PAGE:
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Samsung Unveils Galaxy Ring. Can the Tech Giant Challenge Oura?
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Samsung Unveils Galaxy Ring. Can the Tech Giant Challenge Oura?

Samsung’s new smart ring will monitor key health metrics such as heart rate, sleep patterns and respiratory rate

Samsung officially introduced the Galaxy Ring, its latest innovation in wearables, at the Mobile World Congress (MWC) in Barcelona. The new device marks the South Korean tech giant’s first venture into the smart ring category and the emergence of a key competitor for market leaders like Oura.

The Galaxy Ring comes equipped with a variety of sensors designed to monitor key health metrics such as heart rate, sleep patterns, respiratory rate and the time it takes for a user to fall asleep. The information will populate what Samsung calls “MyVitality Score,” which offers personalized health insights based on these different metrics. 

Despite the arrival of a new competitor, Oura CEO Tom Hale called Samsung’s entry into the smart ring space a positive for the industry as a whole.

“New players entering the space is validation for the category and drives us to aim higher to serve our members and community,” Hale told TechCrunch.

Although Samsung has smartphones and smartwatches, the Galaxy Ring caters to different consumer needs, noted Hon Pak, head of the digital health team at Samsung Electronics.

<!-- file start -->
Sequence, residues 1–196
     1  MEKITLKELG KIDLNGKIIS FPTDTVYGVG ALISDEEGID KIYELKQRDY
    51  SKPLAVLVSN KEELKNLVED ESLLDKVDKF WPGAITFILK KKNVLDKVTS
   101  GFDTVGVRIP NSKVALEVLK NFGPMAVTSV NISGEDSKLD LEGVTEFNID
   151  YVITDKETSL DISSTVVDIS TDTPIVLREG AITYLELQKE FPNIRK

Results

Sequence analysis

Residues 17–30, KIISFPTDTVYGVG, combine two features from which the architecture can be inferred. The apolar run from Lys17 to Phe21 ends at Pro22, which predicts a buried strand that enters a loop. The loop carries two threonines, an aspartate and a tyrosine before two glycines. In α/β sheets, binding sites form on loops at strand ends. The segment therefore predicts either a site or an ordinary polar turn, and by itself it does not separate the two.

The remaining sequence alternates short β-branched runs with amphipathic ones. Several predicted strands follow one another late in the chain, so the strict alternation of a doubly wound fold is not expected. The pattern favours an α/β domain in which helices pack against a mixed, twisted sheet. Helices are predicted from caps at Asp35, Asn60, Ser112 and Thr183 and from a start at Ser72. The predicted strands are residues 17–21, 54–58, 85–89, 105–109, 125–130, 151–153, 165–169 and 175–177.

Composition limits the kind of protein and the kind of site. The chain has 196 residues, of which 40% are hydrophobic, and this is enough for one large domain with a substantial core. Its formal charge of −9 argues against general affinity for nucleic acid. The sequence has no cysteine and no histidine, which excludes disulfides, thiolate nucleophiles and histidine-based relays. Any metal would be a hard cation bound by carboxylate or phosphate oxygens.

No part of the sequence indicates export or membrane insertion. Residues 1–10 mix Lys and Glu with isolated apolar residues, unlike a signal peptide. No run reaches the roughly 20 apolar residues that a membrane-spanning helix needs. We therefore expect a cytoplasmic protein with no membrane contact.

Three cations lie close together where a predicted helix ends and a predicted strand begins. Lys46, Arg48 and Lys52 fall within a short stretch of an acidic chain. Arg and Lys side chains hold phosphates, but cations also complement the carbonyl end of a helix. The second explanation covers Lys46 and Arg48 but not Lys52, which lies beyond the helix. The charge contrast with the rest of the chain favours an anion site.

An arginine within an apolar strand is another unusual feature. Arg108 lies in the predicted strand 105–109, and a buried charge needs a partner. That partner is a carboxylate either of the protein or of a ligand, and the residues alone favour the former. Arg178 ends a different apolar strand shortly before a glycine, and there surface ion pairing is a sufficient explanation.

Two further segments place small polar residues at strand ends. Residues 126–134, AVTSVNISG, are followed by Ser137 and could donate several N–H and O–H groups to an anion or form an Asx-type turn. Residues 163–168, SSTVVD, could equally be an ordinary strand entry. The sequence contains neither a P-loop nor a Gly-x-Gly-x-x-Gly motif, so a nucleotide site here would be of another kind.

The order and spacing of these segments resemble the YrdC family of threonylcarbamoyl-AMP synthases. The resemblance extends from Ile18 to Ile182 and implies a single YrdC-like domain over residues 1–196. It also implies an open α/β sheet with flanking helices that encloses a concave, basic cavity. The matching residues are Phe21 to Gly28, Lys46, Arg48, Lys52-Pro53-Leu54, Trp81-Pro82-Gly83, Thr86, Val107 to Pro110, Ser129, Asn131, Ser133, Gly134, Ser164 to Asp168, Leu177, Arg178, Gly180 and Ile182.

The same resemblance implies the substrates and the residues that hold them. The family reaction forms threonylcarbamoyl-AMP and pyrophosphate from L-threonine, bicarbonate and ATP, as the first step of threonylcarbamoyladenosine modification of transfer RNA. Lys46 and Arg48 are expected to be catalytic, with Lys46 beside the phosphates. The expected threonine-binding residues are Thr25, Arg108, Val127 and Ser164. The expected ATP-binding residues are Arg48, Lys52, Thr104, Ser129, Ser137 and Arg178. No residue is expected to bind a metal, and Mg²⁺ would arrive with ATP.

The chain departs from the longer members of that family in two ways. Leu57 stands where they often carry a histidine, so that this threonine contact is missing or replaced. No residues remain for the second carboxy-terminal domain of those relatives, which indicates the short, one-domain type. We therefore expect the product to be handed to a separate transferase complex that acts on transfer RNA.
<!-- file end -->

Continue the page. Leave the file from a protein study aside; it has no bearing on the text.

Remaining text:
“Our own customers told us, I want choice. I want the ability to have other forms of wearables to measure health,” Pak told CNBC. “And some want to wear the watch, some want to wear the watch and the ring and get benefit from both. Some just want more simplicity.”

The Galaxy Ring is designed to work seamlessly with Samsung’s smartwatches, providing users with a comprehensive overview of their health when used in tandem. One of the most anticipated features of the ring is its ability to monitor noninvasive glucose levels and blood pressure, a significant advancement in health technology. Samsung is also researching how best to use artificial intelligence to give deeper insights into a person’s health. 

“Imagine (a) large language model, acting as my digital assistant, while looking at the context of my medical records, my physiological data, my engagement with a mobile device, the wearables during all of that … begins to bring greater insights and personalization opportunities,” Pak said. “A digital assistant coach is (…) absolutely needed.” 

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The smart ring market could grow to $1 billion or more by the 2030s, according to industry estimates. Samsung’s entrance into the space seems to be a validation of the market’s growth potential.

Oura, the category’s leader by far, has around 100 granted patents, with almost 30 pending patents, which could suggest potential intellectual property disputes down the line between major players.

In addition to brands like Movano (Evie Ring) and RingConn looking to capture market share by offering differentiating features like a focus on women’s health and no subscription fees, there are rumors that Apple could look to enter the space with a smart ring of its own.

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